2023 rules changes to know: A drop that can land CLOSER to the hole?

Tiger Woods of the United States drops their ball on on the 1st hole the during Day One of The 150th Open at St Andrews Old Course on July 14, 2022 in St Andrews, Scotland.

A ball can now roll forward after being dropped in this situation.

Getty Images

The Rules of Golf are changing — ever so slightly — in 2023. Here’s a few of the most notable changes you need to be aware of.


Taking a drop will be a little less complicated in 2023.

The time-consuming process of having to re-drop your ball because it rolled forward, closer to the hole will become a thing of the past when using back-on-the-line relief starting Jan. 1.

Back-on-the-line relief is used most often for penalty area and unplayable lie drops. It’s when you take the ball’s entry point into a penalty area — or location of the ball for unplayable — and go back as far as you’d like while keeping that point between you and the hole.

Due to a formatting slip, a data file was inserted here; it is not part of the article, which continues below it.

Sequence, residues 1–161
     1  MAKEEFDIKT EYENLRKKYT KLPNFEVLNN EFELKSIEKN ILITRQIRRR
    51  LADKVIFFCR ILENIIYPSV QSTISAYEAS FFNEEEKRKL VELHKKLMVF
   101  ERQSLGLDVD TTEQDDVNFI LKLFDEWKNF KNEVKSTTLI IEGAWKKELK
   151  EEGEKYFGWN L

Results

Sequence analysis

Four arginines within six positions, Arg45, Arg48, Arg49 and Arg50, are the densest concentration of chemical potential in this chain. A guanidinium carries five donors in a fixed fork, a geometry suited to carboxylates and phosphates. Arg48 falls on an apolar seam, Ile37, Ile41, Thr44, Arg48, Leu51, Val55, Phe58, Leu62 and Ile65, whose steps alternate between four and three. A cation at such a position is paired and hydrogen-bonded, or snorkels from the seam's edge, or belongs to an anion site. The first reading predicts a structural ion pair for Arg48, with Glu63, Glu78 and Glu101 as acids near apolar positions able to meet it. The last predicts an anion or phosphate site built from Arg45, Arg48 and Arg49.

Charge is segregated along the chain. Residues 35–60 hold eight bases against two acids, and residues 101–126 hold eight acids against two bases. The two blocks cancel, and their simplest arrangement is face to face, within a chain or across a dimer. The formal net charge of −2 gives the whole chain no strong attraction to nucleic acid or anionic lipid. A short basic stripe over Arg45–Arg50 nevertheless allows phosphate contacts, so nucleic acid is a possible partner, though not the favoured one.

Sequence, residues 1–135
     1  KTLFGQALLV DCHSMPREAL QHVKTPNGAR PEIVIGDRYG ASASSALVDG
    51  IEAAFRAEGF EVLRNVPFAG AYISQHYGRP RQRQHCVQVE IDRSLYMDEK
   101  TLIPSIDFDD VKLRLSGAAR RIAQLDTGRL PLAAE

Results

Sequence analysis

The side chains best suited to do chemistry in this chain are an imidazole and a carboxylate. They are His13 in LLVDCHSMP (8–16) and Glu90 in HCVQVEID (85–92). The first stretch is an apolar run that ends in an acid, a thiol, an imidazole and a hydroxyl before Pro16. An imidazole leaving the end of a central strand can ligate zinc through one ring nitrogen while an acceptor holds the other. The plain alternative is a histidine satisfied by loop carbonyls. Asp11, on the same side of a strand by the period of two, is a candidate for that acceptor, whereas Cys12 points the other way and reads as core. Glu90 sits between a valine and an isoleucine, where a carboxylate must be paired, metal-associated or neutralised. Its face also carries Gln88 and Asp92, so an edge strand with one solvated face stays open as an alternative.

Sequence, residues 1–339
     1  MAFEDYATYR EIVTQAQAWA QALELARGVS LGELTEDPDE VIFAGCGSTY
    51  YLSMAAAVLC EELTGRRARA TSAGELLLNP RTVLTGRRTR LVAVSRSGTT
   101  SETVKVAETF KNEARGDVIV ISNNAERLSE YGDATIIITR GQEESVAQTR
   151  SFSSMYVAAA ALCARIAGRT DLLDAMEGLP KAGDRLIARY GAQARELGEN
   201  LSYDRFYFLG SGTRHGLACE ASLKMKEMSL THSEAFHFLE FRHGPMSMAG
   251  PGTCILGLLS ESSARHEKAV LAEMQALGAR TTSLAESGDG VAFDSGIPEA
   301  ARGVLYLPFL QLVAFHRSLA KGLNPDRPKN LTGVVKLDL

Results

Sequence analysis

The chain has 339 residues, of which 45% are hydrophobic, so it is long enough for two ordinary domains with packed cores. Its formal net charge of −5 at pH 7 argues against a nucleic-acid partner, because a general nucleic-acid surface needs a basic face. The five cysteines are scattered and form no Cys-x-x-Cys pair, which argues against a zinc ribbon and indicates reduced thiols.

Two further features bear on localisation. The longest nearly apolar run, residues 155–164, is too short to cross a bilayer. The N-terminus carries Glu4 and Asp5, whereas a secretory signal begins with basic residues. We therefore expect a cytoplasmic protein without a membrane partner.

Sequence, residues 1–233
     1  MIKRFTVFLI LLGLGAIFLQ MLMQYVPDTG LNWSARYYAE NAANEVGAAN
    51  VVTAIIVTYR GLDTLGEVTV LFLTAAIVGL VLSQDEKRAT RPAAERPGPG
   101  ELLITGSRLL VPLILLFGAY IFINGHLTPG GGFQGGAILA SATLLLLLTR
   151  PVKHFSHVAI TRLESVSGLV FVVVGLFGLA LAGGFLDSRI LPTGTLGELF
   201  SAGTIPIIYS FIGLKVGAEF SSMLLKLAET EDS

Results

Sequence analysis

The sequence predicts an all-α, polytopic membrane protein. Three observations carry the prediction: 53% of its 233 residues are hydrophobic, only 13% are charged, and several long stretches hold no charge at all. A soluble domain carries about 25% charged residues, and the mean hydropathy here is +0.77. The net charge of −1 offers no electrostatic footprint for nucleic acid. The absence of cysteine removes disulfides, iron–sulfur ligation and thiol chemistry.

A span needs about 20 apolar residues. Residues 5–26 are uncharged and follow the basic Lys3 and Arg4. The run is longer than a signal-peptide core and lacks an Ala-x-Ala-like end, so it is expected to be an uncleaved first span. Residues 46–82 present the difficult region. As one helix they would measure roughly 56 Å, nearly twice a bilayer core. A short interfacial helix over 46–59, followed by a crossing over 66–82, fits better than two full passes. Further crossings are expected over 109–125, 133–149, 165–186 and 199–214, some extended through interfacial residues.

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Previously a drop could be taken anywhere within one club length of this line, but if the ball rolled forward, it would have to be re-dropped.

In 2023, the USGA is changing rules 14.3b, 16.1c(2), and 17.1d(2) to read like this, “the player must drop the ball on the line and the ball must come to rest within one club length in any direction of where it first touched the line.”

This now means just because a ball rolls forward, it won’t have to be re-dropped as long the ball stops within one club length of the spot where the ball was dropped.

This takes the procedure under Model Local Rule E-12.

Drops like this aren’t very often scrutinized for this reason in the pro game, but for the recreational level, this change should allow drops to be less complicated and faster.

The change officially goes into effect on Jan. 1.

Jack Hirsh

Golf.com Editor

Jack Hirsh is an assistant editor at GOLF. A Pennsylvania native, Jack is a 2020 graduate of Penn State University, earning degrees in broadcast journalism and political science. He was captain of his high school golf team and recently returned to the program to serve as head coach. Jack also still *tries* to remain competitive in local amateurs. Before joining GOLF, Jack spent two years working at a TV station in Bend, Oregon, primarily as a Multimedia Journalist/reporter, but also producing, anchoring and even presenting the weather. He can be reached at jack.hirsh@golf.com.